A difference of perspective: How we view our military
Last night, I was at the dinner theater at Chaffin’s Barn here in Nashville, TN. I’d never gone before, though I’d heard many things about it, all good. One of the nice things they do is a pre-show introduction that includes asking the members of our current and past military to stand and be acknowledged. What I observed was that a few more recent members stood immediately. However, the older members of the military, some very clearly out of the military for many years, were very reluctant to be acknowledged. Eventually, the number went from two standing to around ten, many of them with white hair and balancing with one hand on the table next to them.
It struck me that we are very open about supporting our troops but in the time since the “best generation” was so willing to go to war to fight for us and do it willingly, we have changed the way we embrace people when they return and give up their stripes. I’d been discussing this with a coworker after she’d been interviewing a person for a disability evaluation. Freud had a theory that we have defense mechanisms that we use to remove ourselves from unpleasant thoughts, feelings and actions. Within this theory are specific defense mechanisms that reoccur between people and can be categorized. One of these is called sublimation, which is a when we take a socially unacceptable impulse and mold it into something acceptable and useful to society. For this particular entry, we can look at a naturally aggressive or protective person who takes this to extremes, place them in a uniform and train them to use that aggression or protective instinct in the field and call them a soldier instead of a deviant. They become marvelous soldiers, cops and other types of protectors because it is in their makeup to behave in certain ways. While they are in the service we applaud this, we encourage it, we move them up the ranks and we celebrate them.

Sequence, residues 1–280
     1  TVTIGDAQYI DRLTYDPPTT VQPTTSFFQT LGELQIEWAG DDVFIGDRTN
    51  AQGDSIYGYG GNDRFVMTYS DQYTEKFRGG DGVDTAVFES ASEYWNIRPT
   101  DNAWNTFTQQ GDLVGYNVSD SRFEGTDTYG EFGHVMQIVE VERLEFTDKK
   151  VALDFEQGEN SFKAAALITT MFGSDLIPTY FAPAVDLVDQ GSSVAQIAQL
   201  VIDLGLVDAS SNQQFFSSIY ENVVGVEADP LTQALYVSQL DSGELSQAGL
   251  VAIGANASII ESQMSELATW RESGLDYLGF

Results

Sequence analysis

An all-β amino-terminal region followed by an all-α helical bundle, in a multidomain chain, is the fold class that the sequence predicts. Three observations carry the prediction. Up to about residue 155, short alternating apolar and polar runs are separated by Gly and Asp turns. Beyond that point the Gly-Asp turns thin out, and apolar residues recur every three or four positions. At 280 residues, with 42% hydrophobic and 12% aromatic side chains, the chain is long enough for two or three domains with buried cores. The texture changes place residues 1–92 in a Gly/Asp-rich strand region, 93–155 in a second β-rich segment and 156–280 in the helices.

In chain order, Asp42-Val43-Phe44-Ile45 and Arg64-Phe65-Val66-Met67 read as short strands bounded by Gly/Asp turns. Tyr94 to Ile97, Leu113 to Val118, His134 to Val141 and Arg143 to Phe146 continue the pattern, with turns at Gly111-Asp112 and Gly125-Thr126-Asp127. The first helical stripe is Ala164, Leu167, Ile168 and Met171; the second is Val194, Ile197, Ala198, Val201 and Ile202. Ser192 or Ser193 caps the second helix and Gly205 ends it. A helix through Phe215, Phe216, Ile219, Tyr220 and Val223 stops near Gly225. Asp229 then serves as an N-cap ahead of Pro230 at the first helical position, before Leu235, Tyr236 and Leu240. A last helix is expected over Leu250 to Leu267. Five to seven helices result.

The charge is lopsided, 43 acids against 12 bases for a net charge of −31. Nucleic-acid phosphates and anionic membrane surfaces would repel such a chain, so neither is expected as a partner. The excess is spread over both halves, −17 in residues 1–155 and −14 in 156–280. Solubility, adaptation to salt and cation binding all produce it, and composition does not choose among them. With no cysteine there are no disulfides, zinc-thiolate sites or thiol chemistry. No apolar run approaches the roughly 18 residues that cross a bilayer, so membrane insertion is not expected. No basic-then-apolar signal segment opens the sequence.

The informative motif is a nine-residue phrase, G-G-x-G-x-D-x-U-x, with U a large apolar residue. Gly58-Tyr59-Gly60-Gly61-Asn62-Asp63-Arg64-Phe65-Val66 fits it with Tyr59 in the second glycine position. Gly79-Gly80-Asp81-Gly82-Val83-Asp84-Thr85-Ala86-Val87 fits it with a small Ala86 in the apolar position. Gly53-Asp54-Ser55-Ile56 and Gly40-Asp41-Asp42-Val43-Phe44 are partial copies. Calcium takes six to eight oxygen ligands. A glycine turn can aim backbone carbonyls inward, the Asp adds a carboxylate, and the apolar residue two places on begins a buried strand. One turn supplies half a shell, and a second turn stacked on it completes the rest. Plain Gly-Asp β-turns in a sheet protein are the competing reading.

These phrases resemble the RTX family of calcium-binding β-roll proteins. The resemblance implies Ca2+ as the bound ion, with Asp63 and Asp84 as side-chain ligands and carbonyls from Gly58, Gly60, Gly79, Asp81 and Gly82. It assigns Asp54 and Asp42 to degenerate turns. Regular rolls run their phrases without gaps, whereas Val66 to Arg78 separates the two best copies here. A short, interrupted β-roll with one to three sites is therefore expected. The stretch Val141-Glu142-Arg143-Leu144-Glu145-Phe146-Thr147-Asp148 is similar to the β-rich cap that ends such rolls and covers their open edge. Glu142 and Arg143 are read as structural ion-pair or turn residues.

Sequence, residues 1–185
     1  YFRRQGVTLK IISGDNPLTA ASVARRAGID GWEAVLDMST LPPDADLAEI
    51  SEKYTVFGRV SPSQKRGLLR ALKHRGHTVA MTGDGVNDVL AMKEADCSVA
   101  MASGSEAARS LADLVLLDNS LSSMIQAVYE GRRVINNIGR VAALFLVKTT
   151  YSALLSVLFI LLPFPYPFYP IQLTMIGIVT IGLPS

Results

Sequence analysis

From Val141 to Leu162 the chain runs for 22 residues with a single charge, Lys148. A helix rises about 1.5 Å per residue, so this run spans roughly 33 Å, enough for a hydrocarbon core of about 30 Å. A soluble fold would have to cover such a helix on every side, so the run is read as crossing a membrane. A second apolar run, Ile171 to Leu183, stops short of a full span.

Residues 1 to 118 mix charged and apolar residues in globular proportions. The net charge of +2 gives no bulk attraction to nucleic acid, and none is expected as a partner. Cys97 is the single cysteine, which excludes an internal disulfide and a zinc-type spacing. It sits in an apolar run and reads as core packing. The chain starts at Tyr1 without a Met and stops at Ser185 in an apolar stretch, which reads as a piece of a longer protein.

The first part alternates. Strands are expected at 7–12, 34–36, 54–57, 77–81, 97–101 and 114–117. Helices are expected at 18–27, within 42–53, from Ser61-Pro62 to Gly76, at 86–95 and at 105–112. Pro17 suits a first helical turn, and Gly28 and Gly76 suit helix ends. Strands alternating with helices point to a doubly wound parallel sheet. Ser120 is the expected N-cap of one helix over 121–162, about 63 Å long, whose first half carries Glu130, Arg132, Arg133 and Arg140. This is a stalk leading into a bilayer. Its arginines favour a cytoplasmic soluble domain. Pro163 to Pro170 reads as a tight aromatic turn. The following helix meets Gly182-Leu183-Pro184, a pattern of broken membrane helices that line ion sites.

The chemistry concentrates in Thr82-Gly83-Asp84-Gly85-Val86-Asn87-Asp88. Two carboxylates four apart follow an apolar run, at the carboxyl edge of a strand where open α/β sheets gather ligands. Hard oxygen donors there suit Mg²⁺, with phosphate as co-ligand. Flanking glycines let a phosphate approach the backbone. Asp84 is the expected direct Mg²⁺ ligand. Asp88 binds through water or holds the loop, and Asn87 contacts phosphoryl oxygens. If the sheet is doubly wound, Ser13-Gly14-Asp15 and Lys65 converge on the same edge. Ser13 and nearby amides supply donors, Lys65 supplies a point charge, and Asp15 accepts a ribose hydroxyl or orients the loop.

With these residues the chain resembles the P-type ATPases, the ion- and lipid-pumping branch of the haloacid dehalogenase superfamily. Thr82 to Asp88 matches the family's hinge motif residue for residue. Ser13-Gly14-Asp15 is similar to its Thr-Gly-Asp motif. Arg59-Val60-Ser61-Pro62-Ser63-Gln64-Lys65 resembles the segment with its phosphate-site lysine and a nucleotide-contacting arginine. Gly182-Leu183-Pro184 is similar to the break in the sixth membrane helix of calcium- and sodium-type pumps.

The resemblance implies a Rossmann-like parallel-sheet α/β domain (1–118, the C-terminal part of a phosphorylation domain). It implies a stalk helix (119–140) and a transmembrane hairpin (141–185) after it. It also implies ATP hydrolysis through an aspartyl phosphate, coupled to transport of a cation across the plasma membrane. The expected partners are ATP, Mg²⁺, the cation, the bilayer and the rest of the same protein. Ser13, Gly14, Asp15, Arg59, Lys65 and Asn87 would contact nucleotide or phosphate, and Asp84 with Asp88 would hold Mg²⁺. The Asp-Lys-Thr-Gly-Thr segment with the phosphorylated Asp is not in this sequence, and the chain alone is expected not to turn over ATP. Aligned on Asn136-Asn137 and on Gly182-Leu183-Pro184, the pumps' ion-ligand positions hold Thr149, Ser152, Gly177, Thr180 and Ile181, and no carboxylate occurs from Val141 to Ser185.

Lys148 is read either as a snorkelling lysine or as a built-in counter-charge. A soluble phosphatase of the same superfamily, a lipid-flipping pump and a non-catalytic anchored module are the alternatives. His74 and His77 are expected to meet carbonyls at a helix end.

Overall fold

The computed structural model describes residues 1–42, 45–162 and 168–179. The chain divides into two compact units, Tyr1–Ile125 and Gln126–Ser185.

And then we bring them home and retire them. Or they get hurt. Or their families ask them to find a new career. Or their parents get old and need someone to help. Or some other reason sidetracks their career and we suddenly have removed the very profession that sublimation lent itself. We wonder why so many have mood disorders and post-traumatic distress, but we have very little set up for them. The Veteran’s Affairs (VA) do a lot for these people, but ultimately, many attempt to get disability because a typical work environment no longer works for them. If you have difficulty with your temper and aggression it makes sense that it would be difficult to be in an environment that forces you to be still and get along with others all day without an outlet. The VA also allows for mental health therapy, but there is a stigma that is related to this that many soldiers struggle with and therefore they refuse the voluntary help.
Our contemporary soldiers are more inclined to accept accolades. Our elderly ones, not so much. At what point did the breakdown occur in that we failed them as a society? At what point will our contemporary soldiers realize that they have little to come back to when our society has little to offer them once they are no longer a soldier? We have to do better than this. We need to offer better plans for returning military and their families and less stigmatization on mental healthcare.